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It is recognised that undernutrition has been neglected in international development programmes in recent years despite the persistently high rates of chronic undernutrition, and recently there have been renewed efforts to reduce these rates [].

They agreed to commit to a number of targets to be achieved by 2025, known as the WHA global targets, including a reduction of 40 % in the number of stunted children in the world (against global estimates for 2010), and a reduction of the prevalence of wasting to 5 % [].

In 2013 at the Nutrition for Growth summit in London, a set of individual commitments to beat hunger and improve nutrition were made including a commitment of USD4.15 billion to scale up nutrition specific actions by 2020 [].

It is timely to review these issues given the current political momentum to reduce the numbers of children affected by undernutrition, and because of the commitments made to this end by national governments, international organisations, and donors.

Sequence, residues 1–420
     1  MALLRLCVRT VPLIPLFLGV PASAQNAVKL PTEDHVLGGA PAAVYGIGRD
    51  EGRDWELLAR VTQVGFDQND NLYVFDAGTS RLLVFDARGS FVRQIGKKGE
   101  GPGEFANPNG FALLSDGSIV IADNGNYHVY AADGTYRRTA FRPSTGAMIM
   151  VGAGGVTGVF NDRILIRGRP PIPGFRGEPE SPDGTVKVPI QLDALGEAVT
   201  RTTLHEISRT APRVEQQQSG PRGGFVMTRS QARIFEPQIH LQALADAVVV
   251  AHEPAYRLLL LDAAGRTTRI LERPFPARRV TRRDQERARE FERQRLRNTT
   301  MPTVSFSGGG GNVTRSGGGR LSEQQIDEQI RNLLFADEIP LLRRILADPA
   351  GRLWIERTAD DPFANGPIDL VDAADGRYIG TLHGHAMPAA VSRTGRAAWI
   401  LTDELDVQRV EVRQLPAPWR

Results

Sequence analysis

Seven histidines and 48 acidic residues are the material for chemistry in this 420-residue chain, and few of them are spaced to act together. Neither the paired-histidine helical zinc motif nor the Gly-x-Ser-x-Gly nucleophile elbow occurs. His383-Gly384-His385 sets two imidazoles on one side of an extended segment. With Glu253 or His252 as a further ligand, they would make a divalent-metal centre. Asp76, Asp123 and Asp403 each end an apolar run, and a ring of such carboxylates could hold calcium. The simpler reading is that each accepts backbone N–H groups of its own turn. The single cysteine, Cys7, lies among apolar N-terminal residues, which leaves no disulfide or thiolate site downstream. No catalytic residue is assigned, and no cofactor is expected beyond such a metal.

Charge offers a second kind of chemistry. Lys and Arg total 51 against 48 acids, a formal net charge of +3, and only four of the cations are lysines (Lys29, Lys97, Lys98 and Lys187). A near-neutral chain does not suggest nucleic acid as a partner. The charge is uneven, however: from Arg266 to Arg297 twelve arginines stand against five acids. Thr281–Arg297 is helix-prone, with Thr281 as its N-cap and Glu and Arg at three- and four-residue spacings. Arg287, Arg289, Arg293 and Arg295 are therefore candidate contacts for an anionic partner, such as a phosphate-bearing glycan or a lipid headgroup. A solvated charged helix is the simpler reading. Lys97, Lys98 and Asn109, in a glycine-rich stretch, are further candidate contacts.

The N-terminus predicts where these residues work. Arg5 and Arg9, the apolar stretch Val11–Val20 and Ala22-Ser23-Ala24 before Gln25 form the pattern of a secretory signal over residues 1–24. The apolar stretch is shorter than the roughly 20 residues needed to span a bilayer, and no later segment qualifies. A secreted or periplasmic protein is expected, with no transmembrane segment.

For example in May 2012, health leaders worldwide adopted the World Health Assembly (WHA) Comprehensive Implementation Plan on Maternal, Infant and Young Child Nutrition.

A periodic evaluation of the process should be an integral part of surveillance activities.

For national systems the ideal coordinating institution should sit within a government structure separate from those with direct involvement in health or agriculture, such as a ministry of planning, as those who lead the surveillance must be independent of decision-makers but need to understand and prioritise their needs for information.

The findings need to be communicated clearly and the means of presentation adapted to different audiences.

To promote participation, the findings should be shared with stakeholders at all levels.

Attention is also now being focussed on identifying factors relating to the context in which nutrition programmes are delivered to make them cost-effective and sustainable, and how those factors can be favourably influenced [].

This emphasis on political as well as technical issues is a new development in the discourse on tackling poor nutrition, and an important additional sphere of action has been identified relating to the processes and environments that shape and support policy development and execution.

For nutrition surveillance activities to be sustainable, there needs to be: demand for the information; a reasonable cost as well as a cost-efficient process; speedy generation and dissemination of good quality information; secure allocation of resources from the government and/or donor; and a central, organizing institution for strong coordination of data collection, analysis, interpretation and communication.